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If $n\times n$ matrix $A$ has eigenvalues $1,-1$ and $n\times n$ matrix $B$ also has eigenvalues $1,-1$, can I then say something about eigenvalues of $AB$ and $BA$?

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  • $\begingroup$ Do $A$ and $B$ have common eigenvectors as well? $\endgroup$ – Hoda Mar 18 '14 at 17:00
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    $\begingroup$ Umm.. I don't know yet. My question is related to my further question math.stackexchange.com/questions/716578/… and the two matrices A and B there. I found 1,-1 be their eigenvalues. Now I have to find eigenvalues of AB and BA. I just have to take a look how to find out the eigenvectors. $\endgroup$ – Vazrael Mar 18 '14 at 17:05
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In general, you can almost never predict the eigenvalues of a product based on the eigenvalues of the matrices you are multiplying together. For example, consider the matrices $$A = \begin{bmatrix} 1 & 0 \\ 0 & -1 \end{bmatrix} \qquad B = \begin{bmatrix} -1 & 1 \\ 0 & 1 \end{bmatrix} \qquad C = \begin{bmatrix} -1 & 0 \\ 1 & 1\end{bmatrix}$$ which all have eigenvalues $\pm 1$. Then $$AB = \begin{bmatrix} -1 & 1 \\ 0 & -1 \end{bmatrix}$$ has eigenvalue $-1$, $A^2 = I$ has eigenvalue $1$, and $$BC = \begin{bmatrix} 2 & 1 \\ 1 & 1 \end{bmatrix}$$ does not have $\pm 1$ as an eigenvalue.

The only glaring exception to this is $0$. If $0$ is an eigenvalue of either $A$ or $B$ then it is also an eigenvalue of $AB$. This is because a matrix is singular if and only if it has $0$ as an eigenvalue.

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If you are talking about the relationship between the eigenvalues of $AB$ and $BA$, there is a nice and well-known result, namely, $AB$ and $BA$ have identical spectra.

However, if you are talking about the relationship between the eigenvalues of $A,B$ and $AB$, there is only one thing that one can say:

  • the product of the eigenvalues of $AB$ is equal to the product of all eigenvalues in $A$ and $B$; this is because $\det(AB)=\det(A)\det(B)$.

Nothing further can be said without additional information. To illustrate, suppose $n=2$ and the spectra of both $A$ and $B$ are $\{1,-1\}$. The determinantal constraint in the bullet point above dictates that the spectrum of $AB$ must be $\{\lambda,\frac1{\lambda}\}$ for some nonzero $\lambda$. Now, is $\{\lambda,\frac1{\lambda}\}$ really a possible spectrum of $AB$ for every $\lambda\ne0$? The answer is yes. Let $2t=\lambda+\frac1{\lambda}$ and $$ A=\pmatrix{1&0\\ 0&-1},\ B=\pmatrix{t&1\\ 1-t^2&-t}, \ AB=\pmatrix{t&1\\ t^2-1&t}. $$ You may verify that $\operatorname{trace}(B)=0,\,\det(B)=-1,\,\operatorname{trace}(AB)=2t,\,\det(AB)=1$ and hence the characteristic polynomials of $B$ and $AB$ are respectively $x^2-1$ and $x^2-2tx+1=(x-\lambda)(x-\frac1{\lambda})$. Hence the spectrum of $B$ is indeed $\{1,-1\}$ and the spectrum of $AB$ is $\{\lambda,\frac1{\lambda}\}$. In other words, apart from the determinantal constraint mentioned in the bullet point above, the eigenvalues of $AB$ can be pretty much anything.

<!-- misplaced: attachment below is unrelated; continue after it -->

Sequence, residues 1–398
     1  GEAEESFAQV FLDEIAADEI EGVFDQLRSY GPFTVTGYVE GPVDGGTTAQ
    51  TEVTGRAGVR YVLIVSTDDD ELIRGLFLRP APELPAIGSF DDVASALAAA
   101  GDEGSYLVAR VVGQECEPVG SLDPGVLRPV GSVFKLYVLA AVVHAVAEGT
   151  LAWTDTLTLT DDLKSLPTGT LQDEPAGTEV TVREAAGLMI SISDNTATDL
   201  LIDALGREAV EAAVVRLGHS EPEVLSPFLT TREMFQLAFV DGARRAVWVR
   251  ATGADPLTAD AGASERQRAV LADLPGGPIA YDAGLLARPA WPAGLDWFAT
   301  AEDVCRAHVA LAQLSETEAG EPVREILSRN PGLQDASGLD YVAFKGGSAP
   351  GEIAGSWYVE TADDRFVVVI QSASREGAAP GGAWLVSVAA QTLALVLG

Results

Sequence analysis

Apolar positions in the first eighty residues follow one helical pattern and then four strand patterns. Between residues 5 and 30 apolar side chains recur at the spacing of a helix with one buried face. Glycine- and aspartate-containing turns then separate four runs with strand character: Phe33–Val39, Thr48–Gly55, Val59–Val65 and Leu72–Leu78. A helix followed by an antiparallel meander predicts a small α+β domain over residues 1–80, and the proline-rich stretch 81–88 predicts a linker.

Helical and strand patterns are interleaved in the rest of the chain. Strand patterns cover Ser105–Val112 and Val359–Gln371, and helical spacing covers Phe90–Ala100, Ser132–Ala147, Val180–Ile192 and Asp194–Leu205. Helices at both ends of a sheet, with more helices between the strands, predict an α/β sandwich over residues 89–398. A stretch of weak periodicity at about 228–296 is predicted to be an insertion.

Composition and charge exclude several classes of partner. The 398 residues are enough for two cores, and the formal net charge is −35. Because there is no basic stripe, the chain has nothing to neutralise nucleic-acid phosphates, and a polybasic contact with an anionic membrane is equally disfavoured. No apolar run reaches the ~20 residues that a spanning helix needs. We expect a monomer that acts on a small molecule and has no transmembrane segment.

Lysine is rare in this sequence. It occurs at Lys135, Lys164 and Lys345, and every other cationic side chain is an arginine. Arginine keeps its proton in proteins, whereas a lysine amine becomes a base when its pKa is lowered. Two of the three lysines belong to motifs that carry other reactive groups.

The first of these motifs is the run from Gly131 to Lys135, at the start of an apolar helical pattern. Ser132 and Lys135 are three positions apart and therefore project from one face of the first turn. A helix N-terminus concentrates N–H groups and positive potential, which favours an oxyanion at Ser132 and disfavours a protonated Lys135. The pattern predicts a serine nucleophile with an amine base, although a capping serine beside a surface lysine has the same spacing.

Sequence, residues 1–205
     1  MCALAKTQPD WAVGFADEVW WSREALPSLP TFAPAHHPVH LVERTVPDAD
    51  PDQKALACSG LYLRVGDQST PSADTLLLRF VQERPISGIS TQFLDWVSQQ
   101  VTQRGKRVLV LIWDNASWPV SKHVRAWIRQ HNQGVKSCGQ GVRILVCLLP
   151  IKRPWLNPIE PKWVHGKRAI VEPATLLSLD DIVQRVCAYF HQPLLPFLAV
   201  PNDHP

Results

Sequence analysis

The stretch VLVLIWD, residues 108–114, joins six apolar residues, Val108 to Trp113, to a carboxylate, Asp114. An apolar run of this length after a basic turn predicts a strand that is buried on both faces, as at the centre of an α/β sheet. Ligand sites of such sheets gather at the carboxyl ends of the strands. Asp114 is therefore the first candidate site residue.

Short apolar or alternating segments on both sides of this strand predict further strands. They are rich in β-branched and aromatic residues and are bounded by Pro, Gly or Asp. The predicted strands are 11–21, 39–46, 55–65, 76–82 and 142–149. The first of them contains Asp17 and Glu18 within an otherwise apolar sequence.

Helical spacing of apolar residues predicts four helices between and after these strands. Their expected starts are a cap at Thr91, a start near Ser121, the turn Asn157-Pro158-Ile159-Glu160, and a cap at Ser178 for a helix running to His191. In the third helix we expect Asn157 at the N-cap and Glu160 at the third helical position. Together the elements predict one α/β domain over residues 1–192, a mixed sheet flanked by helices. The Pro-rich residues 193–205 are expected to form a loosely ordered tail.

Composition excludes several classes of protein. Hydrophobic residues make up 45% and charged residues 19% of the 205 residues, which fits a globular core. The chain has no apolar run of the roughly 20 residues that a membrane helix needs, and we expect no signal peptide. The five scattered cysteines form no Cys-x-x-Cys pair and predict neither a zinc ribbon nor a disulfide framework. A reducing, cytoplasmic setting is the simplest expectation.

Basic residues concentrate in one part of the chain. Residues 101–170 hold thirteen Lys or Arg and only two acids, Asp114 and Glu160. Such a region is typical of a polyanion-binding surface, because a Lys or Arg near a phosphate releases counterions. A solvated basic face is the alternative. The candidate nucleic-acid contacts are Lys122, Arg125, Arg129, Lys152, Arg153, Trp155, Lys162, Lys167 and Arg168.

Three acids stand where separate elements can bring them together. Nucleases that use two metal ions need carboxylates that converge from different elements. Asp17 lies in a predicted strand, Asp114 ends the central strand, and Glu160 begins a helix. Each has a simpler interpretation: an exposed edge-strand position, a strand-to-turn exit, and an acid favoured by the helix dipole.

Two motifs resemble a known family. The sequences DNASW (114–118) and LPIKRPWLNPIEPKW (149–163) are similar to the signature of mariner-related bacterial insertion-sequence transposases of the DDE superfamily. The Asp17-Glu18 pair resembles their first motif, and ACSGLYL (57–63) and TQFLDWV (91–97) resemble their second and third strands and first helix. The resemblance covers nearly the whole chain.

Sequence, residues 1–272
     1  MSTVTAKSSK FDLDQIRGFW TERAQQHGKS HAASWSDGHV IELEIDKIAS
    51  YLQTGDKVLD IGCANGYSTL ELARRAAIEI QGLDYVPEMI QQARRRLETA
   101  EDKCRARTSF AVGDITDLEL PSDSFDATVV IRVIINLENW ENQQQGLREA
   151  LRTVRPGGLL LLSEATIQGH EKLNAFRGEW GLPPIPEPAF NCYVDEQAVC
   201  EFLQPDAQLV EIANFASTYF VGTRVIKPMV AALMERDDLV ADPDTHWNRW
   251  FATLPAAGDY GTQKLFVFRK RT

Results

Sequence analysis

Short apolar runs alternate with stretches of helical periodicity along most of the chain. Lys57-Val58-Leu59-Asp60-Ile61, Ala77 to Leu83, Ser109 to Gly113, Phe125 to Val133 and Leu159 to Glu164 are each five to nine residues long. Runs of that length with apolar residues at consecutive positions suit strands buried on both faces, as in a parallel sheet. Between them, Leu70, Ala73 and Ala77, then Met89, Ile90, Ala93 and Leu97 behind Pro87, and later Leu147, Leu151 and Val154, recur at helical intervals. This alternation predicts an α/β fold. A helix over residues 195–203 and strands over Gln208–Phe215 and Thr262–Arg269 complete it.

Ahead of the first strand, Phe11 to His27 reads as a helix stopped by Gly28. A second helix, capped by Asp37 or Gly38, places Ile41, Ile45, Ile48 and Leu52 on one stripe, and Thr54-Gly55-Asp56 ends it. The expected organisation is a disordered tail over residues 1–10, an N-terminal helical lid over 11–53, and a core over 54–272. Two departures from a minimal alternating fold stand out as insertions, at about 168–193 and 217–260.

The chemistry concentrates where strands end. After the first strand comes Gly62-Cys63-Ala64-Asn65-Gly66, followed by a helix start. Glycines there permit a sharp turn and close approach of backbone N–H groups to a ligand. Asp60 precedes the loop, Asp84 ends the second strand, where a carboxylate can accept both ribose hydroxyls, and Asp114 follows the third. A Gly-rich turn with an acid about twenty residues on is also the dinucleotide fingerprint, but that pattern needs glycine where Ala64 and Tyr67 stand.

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    $\begingroup$ If A and B are symmetric positive definite, what one can say, for sure, about the eigenvalues of AB? $\endgroup$ – stillanoob Nov 24 '16 at 17:01
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    $\begingroup$ @ibrahim5253 When both $A$ and $B$ are positive definite, it is possible to get some bounds for the eigenvalues. E.g. using the operator norm, we get $\rho(AB)\le\|AB\|\le\|A\|\|B\|=\rho(A)\rho(B)$, where the last equality holds because $\|M\|=\rho(M)$ for any positive definite matrix $M$. $\endgroup$ – user1551 Nov 24 '16 at 22:24
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Actually, in your case you have specified $A^2$ which means the product of two identical matrices, and that gives us a lot of information.

So keeping it simple, I will prove that for two matrices $A, B \in \mathbb{R}^{n*n}$ and for $\vec v \in \mathbb{R}^n$ a mutual eigenvector of both with $A\vec v = \lambda v$ and $B\vec v = \mu \vec v$ for $\lambda , \mu \in \mathbb{R}$, the following is true

$AB\vec v = \lambda \mu \vec v$

Proof:

$AB\vec v = A (B \vec v) = A (\mu \vec v) = \mu (A \vec v) = \mu \lambda \vec v$

So now that we have that in our hands, and since $A^2 = A*A$, (all eigenvectors of $A$ are eigenvectors of $A$), then we can show that (having $\mu_2 \in \mathbb{R}$ eigenvalue of $A^2$):

$A^2 = I \implies A^2\vec v = \vec v \implies \mu^2 = 1 \implies \mu * \mu = 1 \implies \mu = \pm1$

And to prove that there is no other values, it's clear that all vectors in $\mathbb{R}^n$ are eigenvectors to $A^2$ associated with $\lambda$, and since eigenspaces associated with different eigenvalues of the same matrix are linear independent, there is no other eienvalue than the one we calculated.

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